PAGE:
LOOP is an elegant puzzle game based on paths through a hex grid. You start with a scrambled grid, swap pairs of hexes and when you finish all the loops link up in perfect harmony (see image).
No tutorial, but 100 individual puzzles introduce the key mechanic and the two special devices. Clicking on a hex highlights its border; clicking on another then gracefully swaps them over. One device is a simple arc inside a circle, which is fixed in location but changes colour when clicked. The other has three arcs inside a circle of arrows and is also fixed in location but rotates when clicked.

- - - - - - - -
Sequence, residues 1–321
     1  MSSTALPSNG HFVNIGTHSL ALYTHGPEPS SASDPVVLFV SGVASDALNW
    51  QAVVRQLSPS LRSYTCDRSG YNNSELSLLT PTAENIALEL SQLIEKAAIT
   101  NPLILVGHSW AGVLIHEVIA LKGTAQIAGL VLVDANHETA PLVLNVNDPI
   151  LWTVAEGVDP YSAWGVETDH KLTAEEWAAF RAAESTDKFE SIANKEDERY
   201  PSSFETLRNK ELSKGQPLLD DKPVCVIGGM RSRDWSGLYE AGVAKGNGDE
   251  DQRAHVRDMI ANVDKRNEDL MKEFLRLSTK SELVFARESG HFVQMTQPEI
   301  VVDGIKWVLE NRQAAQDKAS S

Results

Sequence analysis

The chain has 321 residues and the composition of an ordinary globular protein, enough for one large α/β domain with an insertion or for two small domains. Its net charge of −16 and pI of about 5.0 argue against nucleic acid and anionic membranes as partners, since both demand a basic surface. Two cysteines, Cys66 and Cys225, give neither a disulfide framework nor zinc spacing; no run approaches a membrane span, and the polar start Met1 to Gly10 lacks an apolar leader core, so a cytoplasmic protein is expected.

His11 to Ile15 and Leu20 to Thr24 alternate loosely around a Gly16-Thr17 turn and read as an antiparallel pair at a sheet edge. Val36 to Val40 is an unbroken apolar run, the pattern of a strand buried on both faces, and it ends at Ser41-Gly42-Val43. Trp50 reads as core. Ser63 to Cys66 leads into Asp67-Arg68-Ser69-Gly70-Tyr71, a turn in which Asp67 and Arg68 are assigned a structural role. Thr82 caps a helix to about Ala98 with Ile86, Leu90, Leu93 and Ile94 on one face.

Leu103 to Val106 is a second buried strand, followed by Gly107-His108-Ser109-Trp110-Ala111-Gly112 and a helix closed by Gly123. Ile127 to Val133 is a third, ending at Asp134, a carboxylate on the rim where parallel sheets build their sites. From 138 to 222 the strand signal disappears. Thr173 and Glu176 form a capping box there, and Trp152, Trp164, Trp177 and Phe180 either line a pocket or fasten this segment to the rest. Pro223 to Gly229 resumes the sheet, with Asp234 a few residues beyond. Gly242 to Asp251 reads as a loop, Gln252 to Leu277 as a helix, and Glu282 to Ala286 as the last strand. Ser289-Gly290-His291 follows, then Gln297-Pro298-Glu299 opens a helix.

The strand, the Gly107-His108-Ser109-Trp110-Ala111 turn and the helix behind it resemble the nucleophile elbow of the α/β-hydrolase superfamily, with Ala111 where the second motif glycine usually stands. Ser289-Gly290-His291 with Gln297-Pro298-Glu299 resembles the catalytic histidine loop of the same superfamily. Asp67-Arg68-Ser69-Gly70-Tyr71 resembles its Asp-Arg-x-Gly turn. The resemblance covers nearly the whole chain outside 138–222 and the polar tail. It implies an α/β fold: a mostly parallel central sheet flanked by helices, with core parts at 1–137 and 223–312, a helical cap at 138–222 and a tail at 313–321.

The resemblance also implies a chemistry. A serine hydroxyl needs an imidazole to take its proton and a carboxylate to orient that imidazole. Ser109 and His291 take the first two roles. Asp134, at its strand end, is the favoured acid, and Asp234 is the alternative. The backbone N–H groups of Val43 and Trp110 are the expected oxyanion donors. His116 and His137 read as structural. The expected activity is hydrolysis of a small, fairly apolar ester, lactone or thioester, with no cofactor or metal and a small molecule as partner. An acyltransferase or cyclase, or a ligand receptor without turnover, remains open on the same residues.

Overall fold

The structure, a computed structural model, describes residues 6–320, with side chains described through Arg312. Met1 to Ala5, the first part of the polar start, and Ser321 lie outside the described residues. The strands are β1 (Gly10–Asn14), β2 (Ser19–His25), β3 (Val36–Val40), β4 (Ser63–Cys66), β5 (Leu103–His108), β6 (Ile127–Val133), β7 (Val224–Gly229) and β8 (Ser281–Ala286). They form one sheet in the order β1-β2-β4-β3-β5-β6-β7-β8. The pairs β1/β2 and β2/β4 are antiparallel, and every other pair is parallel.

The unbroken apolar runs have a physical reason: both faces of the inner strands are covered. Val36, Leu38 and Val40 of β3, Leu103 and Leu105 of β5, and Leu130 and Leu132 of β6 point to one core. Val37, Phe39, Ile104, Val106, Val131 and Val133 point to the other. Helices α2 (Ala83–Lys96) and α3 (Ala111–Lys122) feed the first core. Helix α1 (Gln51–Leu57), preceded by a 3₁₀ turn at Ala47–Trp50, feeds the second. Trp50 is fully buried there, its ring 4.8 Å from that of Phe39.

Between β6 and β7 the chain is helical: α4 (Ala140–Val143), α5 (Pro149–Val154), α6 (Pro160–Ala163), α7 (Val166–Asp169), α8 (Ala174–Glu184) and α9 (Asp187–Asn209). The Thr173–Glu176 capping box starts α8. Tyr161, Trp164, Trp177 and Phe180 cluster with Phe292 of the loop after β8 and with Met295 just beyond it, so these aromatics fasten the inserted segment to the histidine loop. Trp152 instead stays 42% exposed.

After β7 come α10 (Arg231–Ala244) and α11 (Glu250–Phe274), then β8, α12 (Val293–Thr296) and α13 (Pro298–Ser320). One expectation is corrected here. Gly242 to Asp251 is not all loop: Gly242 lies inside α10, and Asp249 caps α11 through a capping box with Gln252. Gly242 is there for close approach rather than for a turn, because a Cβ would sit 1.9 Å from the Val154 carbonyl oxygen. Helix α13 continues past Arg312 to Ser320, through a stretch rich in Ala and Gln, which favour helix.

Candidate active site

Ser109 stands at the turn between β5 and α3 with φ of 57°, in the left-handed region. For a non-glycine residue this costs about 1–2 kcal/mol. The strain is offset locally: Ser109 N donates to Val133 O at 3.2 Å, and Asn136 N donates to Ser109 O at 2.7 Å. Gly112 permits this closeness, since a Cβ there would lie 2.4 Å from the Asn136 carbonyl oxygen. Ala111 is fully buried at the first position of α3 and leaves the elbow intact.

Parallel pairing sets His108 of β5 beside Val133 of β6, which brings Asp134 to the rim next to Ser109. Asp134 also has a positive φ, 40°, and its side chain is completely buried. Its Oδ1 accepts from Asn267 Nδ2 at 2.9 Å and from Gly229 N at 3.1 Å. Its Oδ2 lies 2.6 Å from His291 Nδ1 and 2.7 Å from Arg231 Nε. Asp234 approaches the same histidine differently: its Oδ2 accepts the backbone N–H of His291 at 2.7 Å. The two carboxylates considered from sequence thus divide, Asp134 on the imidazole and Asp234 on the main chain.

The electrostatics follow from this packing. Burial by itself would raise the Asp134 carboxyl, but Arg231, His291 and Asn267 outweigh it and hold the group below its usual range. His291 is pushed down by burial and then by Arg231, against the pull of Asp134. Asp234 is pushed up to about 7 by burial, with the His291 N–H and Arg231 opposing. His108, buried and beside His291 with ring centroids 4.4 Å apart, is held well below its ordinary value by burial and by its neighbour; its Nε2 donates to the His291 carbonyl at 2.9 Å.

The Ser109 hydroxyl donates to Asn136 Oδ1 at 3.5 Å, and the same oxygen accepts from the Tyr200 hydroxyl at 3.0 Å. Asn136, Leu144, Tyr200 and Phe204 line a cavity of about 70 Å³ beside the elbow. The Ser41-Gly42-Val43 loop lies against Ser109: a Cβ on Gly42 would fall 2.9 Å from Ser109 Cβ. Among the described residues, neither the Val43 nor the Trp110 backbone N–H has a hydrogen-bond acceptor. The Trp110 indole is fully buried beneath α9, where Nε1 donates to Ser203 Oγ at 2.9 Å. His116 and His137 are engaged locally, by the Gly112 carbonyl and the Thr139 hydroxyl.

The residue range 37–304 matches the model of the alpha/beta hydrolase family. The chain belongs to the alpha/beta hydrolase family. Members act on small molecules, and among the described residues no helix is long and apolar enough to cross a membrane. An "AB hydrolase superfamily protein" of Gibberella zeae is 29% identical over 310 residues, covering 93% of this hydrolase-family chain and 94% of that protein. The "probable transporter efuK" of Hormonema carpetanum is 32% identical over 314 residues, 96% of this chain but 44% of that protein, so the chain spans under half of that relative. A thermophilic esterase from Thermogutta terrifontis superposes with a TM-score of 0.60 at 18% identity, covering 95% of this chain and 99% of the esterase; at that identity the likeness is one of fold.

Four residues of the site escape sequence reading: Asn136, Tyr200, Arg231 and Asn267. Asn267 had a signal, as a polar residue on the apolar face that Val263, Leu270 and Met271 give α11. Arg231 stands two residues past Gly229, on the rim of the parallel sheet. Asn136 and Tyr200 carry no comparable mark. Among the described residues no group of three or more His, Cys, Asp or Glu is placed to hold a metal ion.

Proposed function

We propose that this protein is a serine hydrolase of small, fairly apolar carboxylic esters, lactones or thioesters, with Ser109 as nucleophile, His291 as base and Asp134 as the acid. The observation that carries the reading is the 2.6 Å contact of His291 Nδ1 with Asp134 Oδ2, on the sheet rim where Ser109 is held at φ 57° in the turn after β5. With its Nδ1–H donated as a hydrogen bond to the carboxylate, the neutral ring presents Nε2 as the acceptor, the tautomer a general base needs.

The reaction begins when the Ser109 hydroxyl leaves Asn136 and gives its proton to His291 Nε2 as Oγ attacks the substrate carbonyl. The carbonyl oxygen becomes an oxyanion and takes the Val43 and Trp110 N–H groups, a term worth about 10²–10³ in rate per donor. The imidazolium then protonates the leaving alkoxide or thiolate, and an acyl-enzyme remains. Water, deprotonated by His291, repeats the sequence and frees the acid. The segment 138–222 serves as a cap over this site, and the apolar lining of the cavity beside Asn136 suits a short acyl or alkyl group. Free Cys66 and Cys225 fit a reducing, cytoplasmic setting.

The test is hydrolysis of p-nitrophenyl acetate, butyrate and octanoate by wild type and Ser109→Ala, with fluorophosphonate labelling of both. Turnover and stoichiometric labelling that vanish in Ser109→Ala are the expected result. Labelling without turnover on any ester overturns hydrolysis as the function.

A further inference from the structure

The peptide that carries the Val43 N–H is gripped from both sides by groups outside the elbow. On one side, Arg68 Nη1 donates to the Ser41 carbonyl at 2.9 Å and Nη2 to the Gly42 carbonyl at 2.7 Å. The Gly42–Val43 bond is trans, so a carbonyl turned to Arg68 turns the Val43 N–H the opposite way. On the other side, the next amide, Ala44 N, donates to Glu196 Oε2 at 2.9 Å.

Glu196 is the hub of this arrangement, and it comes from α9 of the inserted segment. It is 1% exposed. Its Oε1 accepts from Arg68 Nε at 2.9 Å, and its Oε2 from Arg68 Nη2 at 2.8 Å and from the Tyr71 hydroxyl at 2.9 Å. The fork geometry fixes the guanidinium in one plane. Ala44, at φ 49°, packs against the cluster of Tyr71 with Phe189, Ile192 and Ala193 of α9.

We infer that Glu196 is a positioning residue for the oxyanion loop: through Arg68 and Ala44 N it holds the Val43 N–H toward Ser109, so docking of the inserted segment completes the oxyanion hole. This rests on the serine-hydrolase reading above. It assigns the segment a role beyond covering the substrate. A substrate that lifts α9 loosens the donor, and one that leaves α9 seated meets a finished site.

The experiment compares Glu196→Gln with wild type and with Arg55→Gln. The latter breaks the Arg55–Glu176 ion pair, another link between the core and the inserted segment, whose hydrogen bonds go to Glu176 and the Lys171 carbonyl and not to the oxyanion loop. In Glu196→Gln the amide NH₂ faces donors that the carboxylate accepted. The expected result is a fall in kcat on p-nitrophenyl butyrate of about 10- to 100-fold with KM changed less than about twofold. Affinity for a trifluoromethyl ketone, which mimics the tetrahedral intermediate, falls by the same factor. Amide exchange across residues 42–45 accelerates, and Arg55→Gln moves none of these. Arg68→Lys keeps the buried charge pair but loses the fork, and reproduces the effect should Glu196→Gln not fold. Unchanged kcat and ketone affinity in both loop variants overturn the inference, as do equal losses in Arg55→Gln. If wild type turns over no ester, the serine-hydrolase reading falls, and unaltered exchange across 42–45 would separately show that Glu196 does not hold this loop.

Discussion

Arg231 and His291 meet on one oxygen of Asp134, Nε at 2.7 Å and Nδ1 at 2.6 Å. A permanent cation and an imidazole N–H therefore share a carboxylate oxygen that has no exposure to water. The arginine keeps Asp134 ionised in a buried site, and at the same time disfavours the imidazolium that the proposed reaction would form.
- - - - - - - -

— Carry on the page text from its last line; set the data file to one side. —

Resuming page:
The maximum size of grid is a hexagon with four hexes to a side, sometimes a bit moth-eaten (see picture). The earlier puzzles often have a smaller grid, and some have holes in them. There are puzzles wth paths of just one colour, while others may use six or more. Sometimes the paths are tightly packed, using all sides of the hexes, sometimes they are quite sparse.
Finally there is a puzzle generator. The puzzles are less varied than the individual levels, but the supply appears unlimited. It’s a lovely puzzle with hours of enjoyment, and I highly recommend it to any puzzle aficionado. You can get it on Steam or direct from http://loopthegame.com/.
But of course the question I want to address here is: how does that generator work? And could it be even better? We might have to build a clone to do that.